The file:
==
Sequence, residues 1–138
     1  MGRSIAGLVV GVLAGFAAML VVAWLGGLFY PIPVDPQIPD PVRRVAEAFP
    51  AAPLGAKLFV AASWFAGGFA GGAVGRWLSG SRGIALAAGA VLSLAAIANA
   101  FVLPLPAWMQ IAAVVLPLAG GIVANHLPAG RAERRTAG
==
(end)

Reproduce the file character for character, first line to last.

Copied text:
Sequence, residues 1–138
     1  MGRSIAGLVV GVLAGFAAML VVAWLGGLFY PIPVDPQIPD PVRRVAEAFP
    51  AAPLGAKLFV AASWFAGGFA GGAVGRWLSG SRGIALAAGA VLSLAAIANA
   101  FVLPLPAWMQ IAAVVLPLAG GIVANHLPAG RAERRTAG